The Witches (1990)

I remember the first time I saw The Witches.  All I knew is that it was a movie my girlfriend at the time wanted to see.  I had no idea about Jim Henson's involvement and even less about Roald Dahl, other than he wrote Charlie and the Chocolate Factory.  The name I did recognize when the credits started up was Nicolas Roeg.

Yes, it does seems strange for an 18-year-old on the cusp of graduating high school in 1990 to get excited when the name Nicolas Roeg came up.  However, there was good reason.  Science fiction and music were always a passion of mine.  I was not the biggest David Bowie fan at the time (except for the first Tin Machine album he was not releasing anything new or exciting) but appreciated him enough.  I was a fan of a rather strange science fiction movie he was involved in, The Man Who Fell to Earth, which in some ways dovetailed with his Ziggy Stardust persona at the time it was made.  I was suddenly interested in what an obvious art film director was going to do with a children's film.

Needless to say I enjoyed it.  I thought it would do better than it initially did, but it was delayed form release for a year and then dumped into theaters at a time of year movie studios usually reserve for films about cross-dressing cops.  Predictably, over the years, it has found its audience, even if that audience did not include the author of the book.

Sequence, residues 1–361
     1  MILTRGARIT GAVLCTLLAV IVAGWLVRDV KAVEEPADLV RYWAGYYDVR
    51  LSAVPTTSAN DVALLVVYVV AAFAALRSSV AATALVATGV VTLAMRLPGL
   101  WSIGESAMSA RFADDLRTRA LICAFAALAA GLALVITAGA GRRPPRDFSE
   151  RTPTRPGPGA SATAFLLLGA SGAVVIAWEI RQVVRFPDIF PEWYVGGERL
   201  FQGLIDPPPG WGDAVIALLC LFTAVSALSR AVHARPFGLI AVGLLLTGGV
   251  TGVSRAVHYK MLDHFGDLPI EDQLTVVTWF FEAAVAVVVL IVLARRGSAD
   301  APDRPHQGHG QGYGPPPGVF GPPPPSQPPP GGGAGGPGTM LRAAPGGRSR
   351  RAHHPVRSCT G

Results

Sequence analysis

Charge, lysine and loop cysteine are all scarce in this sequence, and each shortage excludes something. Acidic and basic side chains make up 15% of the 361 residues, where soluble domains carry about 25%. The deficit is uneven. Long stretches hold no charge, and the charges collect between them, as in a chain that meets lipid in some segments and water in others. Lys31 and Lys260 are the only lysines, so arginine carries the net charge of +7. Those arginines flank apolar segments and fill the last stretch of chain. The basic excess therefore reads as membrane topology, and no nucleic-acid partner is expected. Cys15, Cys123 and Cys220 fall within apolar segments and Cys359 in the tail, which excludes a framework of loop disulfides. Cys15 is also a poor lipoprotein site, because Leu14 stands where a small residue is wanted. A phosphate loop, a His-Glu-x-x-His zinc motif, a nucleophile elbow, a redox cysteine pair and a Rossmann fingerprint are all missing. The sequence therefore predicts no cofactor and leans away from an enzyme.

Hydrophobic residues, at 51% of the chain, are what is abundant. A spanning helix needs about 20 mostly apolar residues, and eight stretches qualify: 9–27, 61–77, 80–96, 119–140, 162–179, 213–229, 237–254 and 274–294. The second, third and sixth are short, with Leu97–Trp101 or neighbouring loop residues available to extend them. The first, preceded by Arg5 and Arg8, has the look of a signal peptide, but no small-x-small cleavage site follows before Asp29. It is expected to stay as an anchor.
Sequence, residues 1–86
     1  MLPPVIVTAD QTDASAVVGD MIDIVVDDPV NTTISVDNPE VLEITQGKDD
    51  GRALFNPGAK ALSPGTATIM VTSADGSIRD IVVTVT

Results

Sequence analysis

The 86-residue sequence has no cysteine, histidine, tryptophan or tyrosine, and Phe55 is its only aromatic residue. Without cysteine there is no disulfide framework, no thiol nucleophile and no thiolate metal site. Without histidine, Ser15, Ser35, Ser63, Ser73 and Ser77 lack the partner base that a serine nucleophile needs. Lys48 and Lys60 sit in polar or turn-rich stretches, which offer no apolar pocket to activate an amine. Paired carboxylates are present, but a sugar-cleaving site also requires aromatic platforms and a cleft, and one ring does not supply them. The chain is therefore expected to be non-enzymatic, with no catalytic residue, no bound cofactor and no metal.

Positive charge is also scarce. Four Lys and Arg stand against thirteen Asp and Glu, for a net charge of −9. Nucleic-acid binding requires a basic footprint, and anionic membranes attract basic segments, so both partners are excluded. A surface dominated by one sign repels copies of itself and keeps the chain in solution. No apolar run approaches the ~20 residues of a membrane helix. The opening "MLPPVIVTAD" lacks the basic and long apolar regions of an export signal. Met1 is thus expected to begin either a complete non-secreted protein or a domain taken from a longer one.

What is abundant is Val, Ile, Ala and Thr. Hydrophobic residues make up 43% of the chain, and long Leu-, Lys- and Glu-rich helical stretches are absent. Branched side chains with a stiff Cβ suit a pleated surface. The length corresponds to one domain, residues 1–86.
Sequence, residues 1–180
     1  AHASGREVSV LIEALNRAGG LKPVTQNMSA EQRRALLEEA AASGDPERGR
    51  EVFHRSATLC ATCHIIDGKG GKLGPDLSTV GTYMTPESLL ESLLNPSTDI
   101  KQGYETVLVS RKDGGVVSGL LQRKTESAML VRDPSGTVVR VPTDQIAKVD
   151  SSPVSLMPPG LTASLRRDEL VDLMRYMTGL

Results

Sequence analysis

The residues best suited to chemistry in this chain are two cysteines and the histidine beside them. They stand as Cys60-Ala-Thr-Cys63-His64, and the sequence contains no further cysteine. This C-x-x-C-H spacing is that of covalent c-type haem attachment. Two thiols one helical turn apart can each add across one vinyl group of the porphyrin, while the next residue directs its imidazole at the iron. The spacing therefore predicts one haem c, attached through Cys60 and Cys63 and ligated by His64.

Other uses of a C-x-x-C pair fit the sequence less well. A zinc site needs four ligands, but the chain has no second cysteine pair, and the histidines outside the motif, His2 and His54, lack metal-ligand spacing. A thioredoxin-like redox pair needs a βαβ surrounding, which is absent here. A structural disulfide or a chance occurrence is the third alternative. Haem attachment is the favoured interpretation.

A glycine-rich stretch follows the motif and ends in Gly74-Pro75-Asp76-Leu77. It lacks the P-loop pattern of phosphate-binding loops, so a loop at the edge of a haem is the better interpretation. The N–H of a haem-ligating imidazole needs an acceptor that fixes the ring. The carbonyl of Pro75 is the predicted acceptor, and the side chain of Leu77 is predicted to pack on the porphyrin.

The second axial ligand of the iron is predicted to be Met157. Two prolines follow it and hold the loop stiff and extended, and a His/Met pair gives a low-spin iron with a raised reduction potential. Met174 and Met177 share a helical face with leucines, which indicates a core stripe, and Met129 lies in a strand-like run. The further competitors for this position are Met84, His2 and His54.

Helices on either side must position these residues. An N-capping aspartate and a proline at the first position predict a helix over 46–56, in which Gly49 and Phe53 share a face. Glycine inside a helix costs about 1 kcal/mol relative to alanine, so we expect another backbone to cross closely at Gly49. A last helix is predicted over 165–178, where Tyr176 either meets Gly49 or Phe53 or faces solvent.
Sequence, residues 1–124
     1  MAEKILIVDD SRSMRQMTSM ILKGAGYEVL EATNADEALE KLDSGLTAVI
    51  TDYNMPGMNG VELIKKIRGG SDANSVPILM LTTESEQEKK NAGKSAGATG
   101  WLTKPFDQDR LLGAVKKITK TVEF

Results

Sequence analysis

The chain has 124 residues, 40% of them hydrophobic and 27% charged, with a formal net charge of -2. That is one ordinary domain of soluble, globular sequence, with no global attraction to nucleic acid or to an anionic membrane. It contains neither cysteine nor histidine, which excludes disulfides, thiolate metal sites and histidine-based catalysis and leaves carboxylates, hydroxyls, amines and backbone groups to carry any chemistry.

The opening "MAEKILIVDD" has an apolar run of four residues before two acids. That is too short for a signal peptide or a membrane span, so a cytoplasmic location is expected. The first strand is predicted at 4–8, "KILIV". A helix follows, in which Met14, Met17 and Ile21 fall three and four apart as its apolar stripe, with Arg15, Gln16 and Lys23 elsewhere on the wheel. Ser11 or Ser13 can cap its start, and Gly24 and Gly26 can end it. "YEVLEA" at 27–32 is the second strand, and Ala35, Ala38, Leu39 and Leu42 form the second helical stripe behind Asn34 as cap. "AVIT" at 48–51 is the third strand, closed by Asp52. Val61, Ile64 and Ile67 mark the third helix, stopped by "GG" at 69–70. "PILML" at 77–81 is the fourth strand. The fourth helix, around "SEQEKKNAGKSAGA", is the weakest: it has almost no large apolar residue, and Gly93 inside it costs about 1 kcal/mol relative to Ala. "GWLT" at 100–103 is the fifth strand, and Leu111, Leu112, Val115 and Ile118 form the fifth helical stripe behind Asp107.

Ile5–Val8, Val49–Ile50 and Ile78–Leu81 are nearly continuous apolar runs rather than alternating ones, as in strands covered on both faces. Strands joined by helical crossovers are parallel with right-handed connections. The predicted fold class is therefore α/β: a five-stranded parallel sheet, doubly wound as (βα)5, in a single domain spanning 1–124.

Luke (Jasen Fisher) is an American kid from a well-to-do family who has grown up hearing stories about witches from his Norwegian grandmother Helga (Mai Zetterling).  After his parents die in a car accident, Helga decides to follow their wishes and, instead of going immediately back to the United States, takes Luke to the United Kingdom to attend boarding school.  While there they decide to take a vacation at the Hotel Excelsior and enjoy the beach a bit.

Unfortunately for Luke the Hotel Excelsior is also hosting a convention for the Royal Society for the Prevention of Cruelty to Children.  Unfortunate because, as it turns out, it is a gathering of witches, including the Grand High Witch (Angelica Huston) who has come up with a cunning plan that cannot fail - through various maneuvers, she intends to turn all the children of England into mice.  The reason is because, for untold reasons, witches seem to be obsessed with wiping out children, whom they find to be smelly and annoying. 

Luke, of course, finds out about this, but is turned into a mouse before he can do anything.  He must enlist his grandmother and another child named Bruno (Charlie Potter) who has suffered the same fate to do what they can to stop the witches from enacting their scheme.  They must also avoid the fussy hotel manager (Rowan Atkinson) who is determined to make sure the hotel is mouse free.